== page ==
permeate was collected &om the outer phiglass tube s u t r e n g the membrane.The
suppogts of tbe m b r a n e consist of two stainless steel meshes c o m p r e s s e d between
rubber packing. A calming Section COLltaining 2 mm diameter spheres was placed
immediately below the support.
Initially microfiltration of prefiltered deionized water was tried under various
transmembrane pressures in the range 0 - 150 kPa, while the superficial velocity was
fixed at a constant value. The dispersion was then treated at an intermediate
transmembrane pressure AP 50 kPa. F a various fluid velocities m the range 0.03
- 0.28 me',the permeate flux (I)
was evaluated. A new membme was used in each
experiment, and before the run the pure water flux was measured with prefiltered
deianized water. The dispersion was tben introduced into the unit, the pump was
tumed on, and operating pressure and superficial velocity wete adjusted by the
regulation system. The flux through the membrane was measured by collecting the
permeate in a graduated cylinder and timing the collection period. Both permeate and
retentate were recycled to the storage tank to maintain a relatively constant dispersion
-
141
P. Mikulriiek and L Filandrova
P
7
r1
BI
R . e 2.ScJmtalic of eaperinaenial appnms: ( I ) rniaofilrretion d e ; (2)pmp;
(3)stwage tmtR; (4) thermal ngukrzing system; (5) @-pass; (6) permeate owflow;
(7)rete&te o@w.
ccmcenrralim Every experiment was rrntimvAUPSi1the flux became amstant
The fluidized particles w a e eitba glass beads (1.465mm diamew, 2506
w3
density) ar stainlm steel beads (1.001 mm diameter, 7506 Irgm" density). par each
experiment with a fluidized bed, the cohrmn was filled with solids so that the total
expanded bed height was equal to tbe membrane length. The amspmdipg solids
loadhg andsupedi&veloCities were knownfrom prehhryhydrodynamicsresults
obtaid inatramspent* with tksamcdiamemas themnnirmr..
Results and Discussion
(iPure
) water flow
Typical pure water (pfiltexed deionized water) fluxes as a fuaaian of the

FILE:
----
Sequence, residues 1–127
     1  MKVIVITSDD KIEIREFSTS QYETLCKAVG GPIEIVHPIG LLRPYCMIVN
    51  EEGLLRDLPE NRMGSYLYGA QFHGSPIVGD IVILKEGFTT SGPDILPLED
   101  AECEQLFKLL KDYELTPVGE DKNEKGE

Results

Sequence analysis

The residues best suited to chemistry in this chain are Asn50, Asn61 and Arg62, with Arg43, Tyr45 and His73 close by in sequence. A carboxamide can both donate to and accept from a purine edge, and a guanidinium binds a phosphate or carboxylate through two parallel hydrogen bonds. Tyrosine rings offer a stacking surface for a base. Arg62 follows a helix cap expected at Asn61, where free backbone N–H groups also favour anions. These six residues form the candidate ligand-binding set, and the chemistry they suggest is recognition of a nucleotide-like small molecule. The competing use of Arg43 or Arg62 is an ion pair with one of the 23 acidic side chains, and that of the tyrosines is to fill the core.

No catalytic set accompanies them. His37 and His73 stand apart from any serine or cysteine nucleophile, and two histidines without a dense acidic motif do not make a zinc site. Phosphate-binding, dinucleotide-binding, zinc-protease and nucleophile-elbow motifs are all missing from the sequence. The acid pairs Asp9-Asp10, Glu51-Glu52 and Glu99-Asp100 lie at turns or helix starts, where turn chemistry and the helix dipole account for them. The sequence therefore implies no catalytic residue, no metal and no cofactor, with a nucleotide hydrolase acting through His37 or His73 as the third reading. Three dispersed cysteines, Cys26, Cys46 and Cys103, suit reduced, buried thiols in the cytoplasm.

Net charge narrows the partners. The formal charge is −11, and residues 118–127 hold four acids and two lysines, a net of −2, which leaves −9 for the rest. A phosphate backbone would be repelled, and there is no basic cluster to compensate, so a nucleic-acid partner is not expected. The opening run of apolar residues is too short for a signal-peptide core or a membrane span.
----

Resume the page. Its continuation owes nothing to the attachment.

transmemlxane presslrte are shown m Figure 3 fur different ex@men~ straight line
relationships were obtained according to the flux quatian:
.
J =
@I@%)
(1)
The hydrodpamicmembmnere&mce&)isamembrmep.opertyand
Sbouldmt
depend on the feedcoanpositionaantbe mnsmeanbranepresslpc(AP).A O m b
slope of the plot o f J verms AP, the hydraulicdstawes for empty tube eJQerimeot
& 4.19~10'* d)and tbe flbed experhm
= 4.30~10"m") m y be
is close tounity. These findings indicate
estimated The value of the ratio
that additim of panicles to mate flow does not f l e a the pameate flux of dean
water, as has been reported [6J.However, the absolute value of the m e m b m
hydraulic resistance was slightly higher for the fluidized bed exprima%
-
142
Use of Fluidized Bed for Intensijcation of Microjiltration on Ceramic Membranes
I
I-
1200
200
0
o
20
m
ul
80
100
AP(160)
120
Figure 3. Efeet of permeute flrures of Mlter on transmembrane pressure.
Microfiltration of model diqmshm
Analysis of the permeate composition showed complete rejectiaa of the dispersion
particles in the retentate. For all expimental runs, the d i a ~ ~ eofm the dispedon
particles was always larger than the memttme pore size (see Fignre 1) in order to
plevat particle penemtian into of through tbe IneHlbram. values of pemeate flux
vezsus time for various meao feed velocities in the empty tube system are plotted m
F i g u r e 4 , f a r a l u m i n a d i s p e t s i o n a t t h e f e e d ~ ~ 0 fI96 wf solids. The
(ii)
Y
E
-
5
5*k
pA
000 0000000000000
4
vvwvvvvvvvv 3
OVW
400
2
-AMA&AAM
-o
-A
3- v
4 - 0
0
200
loo
u
1
2
300-
-%,
'
1
00%
~
-
=a05ms-'
u =0.10 ms-l
u =0.20 ms-1
u =0.28 ms-'
-
8ooooooooooooo 1
1
~
1
1
1
1
1
1
1
1
J
143
P.Mikulhiek and L Filandrova
steady-statefha was usually reachedad was lower than the plre w a x flra, ranging
fram 30% to 95% oftbe pne water ma f a analumina dispersioa,and from 1% to
2% for a VAc-Et aqolymcr dispersia pigtln 4 shows the wry dependentnatme of
the ma an tbe saperficial velocity ofthe feed Tbe flux decay m tbe initial periods
d be explained by the firmatim o f 8 au&r a d r e (gel) layer QI tbemmrhcnne
surface, which tben offem b cantrouing hydraulic resisrroce to penneation
Figure 5 illusaates the effect of the wrperfickrl velocity -,the steady-state
permeate flux (an a log-log scale) far bob dispersion samples. An increase in
cross-flow velocity from 0.05 to 0.28 ms-l resulted in a permeate flux iocrease by a
faaat of*
3, lmda o t h e d s e d m apaating amTbe Slape of the plot
far an alumina dispersion is 0.34 which is very close to the om-third power
dependency of a system operating uader laminar d t i o n s , and is predicted by tbe
Browniandiffasi*
of ( m 3 c e ~ tpolatizatioa
i~
Aheznatively, tbe dope
of the plot for VAc-Et copolymer disperSian is 0.77, which indicates that multiple
1nechad5 fbr pezticle Wdifhskm adgmtimaway frcm t b c b occm
[ll]. On the basis of the meawnemeng mpntinrrpd above, we suspect that Brownian
diffush is d
m both Qlscs relative to sbear-ioduced diffusicq Which ipcreases
withpartick size. Tbe h e r p
o
w
r